*Here's the topics I do not currently know (there is more than likely more, but here's the main ones I think I should learn and seem interesting):

  • Assembly programming

  • Operating Systems

Here's the languages I know:

  • C

  • C++

  • C#

  • Java

  • JavaScript

  • Anything really C-like

  • VB (and TI-Basic)

  • Had some little experience with Lua

  • HTML/CSS (Not sure if these really count, but I still know them)


How to abstract OpenGL or DirectX specific things from classes specific to rendering

10 March 2013 - 01:12 AM

I'm not sure if this has been posted before.

 

I'm just not sure how I should abstract OpenGL or DirectX specific things from classes specific to rendering. Such as shaders, texture objects, vertex buffer objects, etc.

 

For example:

 

Let's say there is a Texture2D class, that is used to refer to textures stored on the GPU. The problem is: storing the specific GLuint (or whatever the alternative for DX is) within the Texture2D object directly, which would make my code very dependent to OpenGL. I've thought of a couple alternatives:

 

Option 1:

 

 

Store an unsigned integer inside the Texture object, (not actually the GLuint), which will resemble an index of the actual OpenGL/DX specific data. Which will most likely be present inside a TextureLoader class. Where the Renderer will have a TextureLoader, and may be accessed through a getter.

 

Here is what I mean:

 

Texture2d (this is a basic data structure)
     - width/height
     - index
Texture2dLoader (abstract)
     - loadTexture(const Image&) : Texture2d
     - destroyTexture(Texture& texture)
OglTexture2dLoader : TextureLoader
    - loadTexture(const Image&) : Texture2d // override
    - destroyTexture(Texture& texture) // override
    - vector<GLuint> textures // dynamic array, appended to when loading texture 

 

Here are the pros/cons that I've thought of from this design.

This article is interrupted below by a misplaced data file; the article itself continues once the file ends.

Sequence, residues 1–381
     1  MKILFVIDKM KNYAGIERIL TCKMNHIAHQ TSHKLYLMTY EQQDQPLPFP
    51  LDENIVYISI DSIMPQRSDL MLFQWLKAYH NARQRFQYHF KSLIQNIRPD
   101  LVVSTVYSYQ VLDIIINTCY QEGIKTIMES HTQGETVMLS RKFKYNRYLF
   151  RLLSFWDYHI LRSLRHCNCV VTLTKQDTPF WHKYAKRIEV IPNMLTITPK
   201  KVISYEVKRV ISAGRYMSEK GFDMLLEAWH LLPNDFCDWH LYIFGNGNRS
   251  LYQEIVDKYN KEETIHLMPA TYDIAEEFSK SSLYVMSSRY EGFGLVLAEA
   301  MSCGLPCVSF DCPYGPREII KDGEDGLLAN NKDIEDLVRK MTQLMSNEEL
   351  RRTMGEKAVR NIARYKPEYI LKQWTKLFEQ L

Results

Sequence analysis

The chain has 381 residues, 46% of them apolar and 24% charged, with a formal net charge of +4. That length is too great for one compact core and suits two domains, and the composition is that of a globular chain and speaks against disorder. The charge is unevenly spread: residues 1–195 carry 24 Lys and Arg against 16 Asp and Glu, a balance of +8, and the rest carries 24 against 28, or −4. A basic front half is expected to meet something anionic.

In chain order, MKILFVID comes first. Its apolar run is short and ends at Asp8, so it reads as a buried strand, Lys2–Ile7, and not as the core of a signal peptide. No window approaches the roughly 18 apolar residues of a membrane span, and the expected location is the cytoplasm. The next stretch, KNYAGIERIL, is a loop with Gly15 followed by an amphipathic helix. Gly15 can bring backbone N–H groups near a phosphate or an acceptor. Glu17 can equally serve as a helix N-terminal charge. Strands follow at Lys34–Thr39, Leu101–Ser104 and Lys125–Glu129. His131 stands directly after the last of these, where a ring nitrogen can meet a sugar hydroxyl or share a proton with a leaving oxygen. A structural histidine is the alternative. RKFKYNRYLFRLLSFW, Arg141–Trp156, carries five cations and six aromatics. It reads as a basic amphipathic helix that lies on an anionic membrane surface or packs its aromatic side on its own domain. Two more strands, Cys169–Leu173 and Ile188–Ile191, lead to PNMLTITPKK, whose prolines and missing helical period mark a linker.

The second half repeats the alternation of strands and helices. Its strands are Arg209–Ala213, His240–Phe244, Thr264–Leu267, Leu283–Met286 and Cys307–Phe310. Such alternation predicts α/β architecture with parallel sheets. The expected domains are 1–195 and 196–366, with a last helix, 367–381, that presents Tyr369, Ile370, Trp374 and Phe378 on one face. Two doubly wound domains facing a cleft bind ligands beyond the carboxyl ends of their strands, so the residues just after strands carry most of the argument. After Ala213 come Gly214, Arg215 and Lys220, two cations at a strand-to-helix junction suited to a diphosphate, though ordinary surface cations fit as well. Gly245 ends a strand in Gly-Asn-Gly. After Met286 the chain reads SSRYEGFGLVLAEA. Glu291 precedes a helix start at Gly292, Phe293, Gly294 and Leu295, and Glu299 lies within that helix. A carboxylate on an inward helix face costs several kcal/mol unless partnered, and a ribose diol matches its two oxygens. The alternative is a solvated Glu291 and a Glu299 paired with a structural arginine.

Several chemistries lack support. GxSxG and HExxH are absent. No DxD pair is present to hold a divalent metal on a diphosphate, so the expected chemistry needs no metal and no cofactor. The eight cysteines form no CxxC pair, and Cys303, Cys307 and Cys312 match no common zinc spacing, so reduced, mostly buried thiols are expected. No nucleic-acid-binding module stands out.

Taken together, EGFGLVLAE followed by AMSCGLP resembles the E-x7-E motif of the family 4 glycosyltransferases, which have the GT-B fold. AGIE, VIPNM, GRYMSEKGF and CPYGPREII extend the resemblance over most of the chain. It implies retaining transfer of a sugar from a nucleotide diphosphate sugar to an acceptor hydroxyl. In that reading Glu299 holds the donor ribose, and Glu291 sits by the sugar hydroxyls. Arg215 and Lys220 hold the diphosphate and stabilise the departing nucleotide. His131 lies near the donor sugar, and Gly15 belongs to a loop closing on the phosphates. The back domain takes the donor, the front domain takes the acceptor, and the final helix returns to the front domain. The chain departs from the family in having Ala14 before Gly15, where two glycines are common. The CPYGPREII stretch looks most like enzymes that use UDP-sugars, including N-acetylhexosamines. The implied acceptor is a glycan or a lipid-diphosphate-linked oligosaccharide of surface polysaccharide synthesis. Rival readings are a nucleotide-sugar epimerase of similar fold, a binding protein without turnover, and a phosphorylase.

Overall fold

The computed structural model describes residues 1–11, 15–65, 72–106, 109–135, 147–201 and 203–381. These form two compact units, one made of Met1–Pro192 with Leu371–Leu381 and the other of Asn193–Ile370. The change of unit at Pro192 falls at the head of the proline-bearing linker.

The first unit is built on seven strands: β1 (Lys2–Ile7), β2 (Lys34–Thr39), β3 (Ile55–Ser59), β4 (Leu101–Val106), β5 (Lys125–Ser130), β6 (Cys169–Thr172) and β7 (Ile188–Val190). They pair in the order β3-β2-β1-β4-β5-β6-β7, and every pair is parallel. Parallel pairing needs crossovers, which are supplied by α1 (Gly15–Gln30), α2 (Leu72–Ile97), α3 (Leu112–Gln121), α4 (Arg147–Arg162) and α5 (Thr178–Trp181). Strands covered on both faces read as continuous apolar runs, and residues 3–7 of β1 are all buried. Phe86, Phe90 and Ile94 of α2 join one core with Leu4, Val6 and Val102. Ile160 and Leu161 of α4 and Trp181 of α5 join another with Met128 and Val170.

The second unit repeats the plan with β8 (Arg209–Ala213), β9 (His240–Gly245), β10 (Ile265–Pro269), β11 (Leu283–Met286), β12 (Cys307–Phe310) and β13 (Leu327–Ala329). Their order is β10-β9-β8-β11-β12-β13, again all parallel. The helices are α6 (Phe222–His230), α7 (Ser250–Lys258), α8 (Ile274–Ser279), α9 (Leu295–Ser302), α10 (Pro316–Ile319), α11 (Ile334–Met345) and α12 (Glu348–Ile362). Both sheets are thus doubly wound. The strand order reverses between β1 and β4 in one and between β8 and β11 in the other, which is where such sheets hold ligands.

Pros:

  • Simple, non dependant on OpenGL or DirectX
  • Easy to make another implementation

Cons:

  • Requires manual deletion, therefore:
  • If Texture object goes out of scope, there will be no way of deleting texture manually

 

Option 2:

 

Make an abstract TextureHandler class, which will have specific OpenGL/DX in the derived class

 

Texture2dHandler (abstract)

     - virtual destructor

Texture2d (this is a basic data structure)

     - width/height

     - handler : unique_ptr<Texture2dHandler>

OglTexture2dHandler : TextureHandler

     - GLuint id

     - (destructor)

Texture2dLoader (abstract)

     - loadTexture(const Image&) : Texture2d

     - destroyTexture(Texture& texture)

OglTexture2dLoader : TextureLoader

    - loadTexture(const Image&) : Texture2d // override

    - destroyTexture(Texture& texture) // override

 

Pros:

  • Allows for RAII

Cons:

  • Handler requires to be allocated on the heap

 

The same issue is also applied to shaders, buffer objects (such as VBOs), and whatever else, and therefore this will be present all over my code. Does anyone have personal experience with this? What option should I go for?

 

This is really bugging my mind. Thanks for reading.


Losing interest in game development...

13 January 2013 - 03:17 AM

This is more of a rant, but not a rant (if you know what I mean?). Lately, well not that lately, I've been gradually losing interest in game development (specifically programming; I can't do art... so yeah), more and more. I don't know what it is! It's very frustrating.